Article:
Enlightenment and Religion in German and Austrian Literature

Ritchie Robertson

Selected Essays 1

Legenda

25 May 2017  •  494pp

ISBN: 978-1-781884-65-2 (hardback)  •  RRP £80, $110, €95

ISBN: 978-1-781884-66-9 (paperback, 30 September 2018)  •  RRP £16.99, $22.99, €20.49

ISBN: 978-1-781884-67-6 (JSTOR ebook)

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Religion and enlightenment, the twin themes of this volume, always exist in tension. The tensions, affinities, and conflicts between the two, as they play out in German literature from Goethe, Schiller and Kleist down to Kafka and Thomas Mann, are explored in this volume, with one section examining their interplay in the neglected Austrian Enlightenment. Thanks to the historical and textual criticism of the Bible, the ‘sea of faith’ began its withdrawal sooner in Germany than in England, and this collection traces its retreat, looking especially at Nietzsche’s militant opposition to Christianity and at the expression in some modernist writing of a distinctly post-Christian and even post-human outlook.

Ritchie Robertson is Taylor Professor of German at the University of Oxford. This book aims to make more widely available some 27 of his essays on the theme of Enlightenment and religion, in both Germany and Austria, which are otherwise widely scattered in journals published over the last twenty years.

Reviews:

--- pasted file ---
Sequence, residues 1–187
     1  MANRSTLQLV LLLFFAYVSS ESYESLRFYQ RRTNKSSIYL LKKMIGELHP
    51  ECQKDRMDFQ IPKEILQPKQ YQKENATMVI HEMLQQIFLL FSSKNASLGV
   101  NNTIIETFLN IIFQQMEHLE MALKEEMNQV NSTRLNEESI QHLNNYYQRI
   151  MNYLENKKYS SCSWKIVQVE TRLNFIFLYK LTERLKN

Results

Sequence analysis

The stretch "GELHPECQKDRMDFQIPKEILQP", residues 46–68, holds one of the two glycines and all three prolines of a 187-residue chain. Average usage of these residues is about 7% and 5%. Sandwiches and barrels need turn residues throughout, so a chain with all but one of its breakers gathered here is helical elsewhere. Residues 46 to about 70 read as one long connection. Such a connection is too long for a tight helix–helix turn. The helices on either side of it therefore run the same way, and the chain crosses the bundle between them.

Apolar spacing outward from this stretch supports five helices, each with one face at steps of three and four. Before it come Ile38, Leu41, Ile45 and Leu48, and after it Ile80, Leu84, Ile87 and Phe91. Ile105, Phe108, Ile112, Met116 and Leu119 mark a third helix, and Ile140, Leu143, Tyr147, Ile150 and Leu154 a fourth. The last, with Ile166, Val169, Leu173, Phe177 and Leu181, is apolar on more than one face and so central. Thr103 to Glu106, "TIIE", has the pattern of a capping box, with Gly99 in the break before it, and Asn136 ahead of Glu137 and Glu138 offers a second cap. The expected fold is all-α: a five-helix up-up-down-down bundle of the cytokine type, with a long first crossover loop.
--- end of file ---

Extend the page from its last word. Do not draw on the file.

• ‘A tour de force in the study of German-speaking cultures with a range and depth that takes readers from the Classical period in the eighteenth century to twentieth-century Modernism... Here we are confronted with, or rather treated to [...] erudition, insight and unerring logic.’ — Carol Tully, Times Literary Supplement 23 January 2018
  • ‘Any ambitious colleagues wishing to uncover the secret behind Robertson’s talent for producing the appropriate formulation are again referred to his introductory remarks, in which he recalls having learnt to use a typewriter whose roller would only turn in one direction, making it impossible to go back and emend what had been written. The present volume of essays suggests that there could be no better method of training future scholars than by providing them with similarly challenging, character-building implements.’ — Osman Durrani, Modern Language Review 113.2, April 2018, 433-35 (full text online)

Contents:

1-12

Introduction
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Part I: The German Classical Period
15-25

Aspects of Religious Toleration in Eighteenth-Century Germany
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25-38

Virtue versus ‘Schwärmerei’ in Lessing’s Emilia Galotti
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39-59

Literary Techniques and Complex Words in Goethe’s Faust
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60-74

Wallenstein: Man of Destiny?
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75-93

Schiller and the Jesuits
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94-114

Women Warriors and the Origin of the State: Werner’s Wanda and Kleist’s Penthesilea
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115-143

Theophanies in German Classicism
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144-162

Cosmopolitanism, Patriotism, and Nationalism in the German-speaking Enlightenment